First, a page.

The free ‘Dispose of Unused Medicines Properly’ (DUMP) campaign is running from Monday, February 24th until Saturday, April 4th and will allow everyone to bring unused or out of date medicines to participating pharmacies to make sure they are disposed of properly. These medicines shouldn’t be put in the bin or flushed away as this poses a danger to children, pets, the environment and our water systems.
Cork Kerry Community Healthcare has organised the ‘Dispose of Unused Medicines Properly’ (DUMP) campaign with pharmacists in Cork and Kerry. The campaign is supported by Cork City Council, Cork County Council, and Kerry County Council.
Almost all pharmacies in Cork and Kerry are taking part in the campaign and are encouraging people to return unwanted or out of date medicines to them so that they can be disposed of safely and properly.
Louise Creed, HSE Pharmacist explains why people should take this opportunity to safely dispose of unwanted medicines:
“We would strongly urge people to take this opportunity to get rid of out of date or unused medicines. Medication can pose a real hazard in the home, particularly to children or other vulnerable people. Clearing out your medicine cabinet is something that should be done on a regular basis. Check all the dates and remove anything that is out of date or no longer required. Medicines have an expiry date for the same reason food does and out of date medicines could do more harm than good.”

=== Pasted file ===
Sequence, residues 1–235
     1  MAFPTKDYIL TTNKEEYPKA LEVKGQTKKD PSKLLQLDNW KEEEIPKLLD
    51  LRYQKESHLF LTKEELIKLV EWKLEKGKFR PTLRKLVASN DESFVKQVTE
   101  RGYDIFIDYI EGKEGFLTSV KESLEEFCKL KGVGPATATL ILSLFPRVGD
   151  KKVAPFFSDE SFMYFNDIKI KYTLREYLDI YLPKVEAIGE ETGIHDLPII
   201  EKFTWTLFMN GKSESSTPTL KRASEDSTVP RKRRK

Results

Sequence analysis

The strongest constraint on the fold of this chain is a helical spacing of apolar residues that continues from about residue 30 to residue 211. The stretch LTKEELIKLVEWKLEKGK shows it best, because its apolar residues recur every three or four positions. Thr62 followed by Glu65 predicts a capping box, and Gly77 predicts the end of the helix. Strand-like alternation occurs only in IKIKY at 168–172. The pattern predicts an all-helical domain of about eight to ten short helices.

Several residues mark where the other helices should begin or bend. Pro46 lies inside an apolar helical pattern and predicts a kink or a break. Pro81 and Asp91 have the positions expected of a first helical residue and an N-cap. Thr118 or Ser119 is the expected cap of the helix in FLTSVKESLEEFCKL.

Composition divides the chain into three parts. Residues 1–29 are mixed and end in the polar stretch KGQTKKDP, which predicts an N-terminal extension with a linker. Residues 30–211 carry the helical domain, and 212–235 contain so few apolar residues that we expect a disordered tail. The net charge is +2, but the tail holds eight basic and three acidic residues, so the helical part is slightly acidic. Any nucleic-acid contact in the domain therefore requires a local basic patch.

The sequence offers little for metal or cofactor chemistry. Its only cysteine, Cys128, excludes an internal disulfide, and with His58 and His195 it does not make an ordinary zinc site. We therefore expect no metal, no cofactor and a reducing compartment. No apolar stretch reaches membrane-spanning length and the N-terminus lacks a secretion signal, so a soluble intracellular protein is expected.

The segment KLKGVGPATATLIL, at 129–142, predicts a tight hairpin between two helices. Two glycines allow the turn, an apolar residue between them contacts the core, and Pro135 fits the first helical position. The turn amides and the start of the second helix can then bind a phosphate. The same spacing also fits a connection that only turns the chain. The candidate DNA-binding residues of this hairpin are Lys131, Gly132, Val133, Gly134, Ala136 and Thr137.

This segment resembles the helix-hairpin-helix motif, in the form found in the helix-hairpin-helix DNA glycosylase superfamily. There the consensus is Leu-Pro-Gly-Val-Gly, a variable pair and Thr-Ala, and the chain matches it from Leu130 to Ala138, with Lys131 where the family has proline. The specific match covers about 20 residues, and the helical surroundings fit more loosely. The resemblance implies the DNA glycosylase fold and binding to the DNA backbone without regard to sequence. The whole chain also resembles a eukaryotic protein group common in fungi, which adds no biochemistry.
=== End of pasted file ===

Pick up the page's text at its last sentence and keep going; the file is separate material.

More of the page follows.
She added that it’s important that medicines are disposed of correctly, “disposing of medicines in the rubbish bin means that they could be accessed by children or pets. Flushing medicine down the sink or toilet means that medicine residues can enter the environment and even small amounts of medicines can affect freshwater ecosystems.
Medicines can build up in the home for a variety of reasons e.g. you might have an unfinished course of antibiotics or have medication for a condition/illness that is no longer a problem. Also, older people or someone with an ongoing illness can often have large amounts of medicine at home. Whatever the reason, the HSE, Cork Kerry Community Healthcare and pharmacists urge householders to take this opportunity to dispose of these unwanted medicines (prescription or over the counter) safely.”
David Lane, Drug and Alcohol Services Co-ordinator said: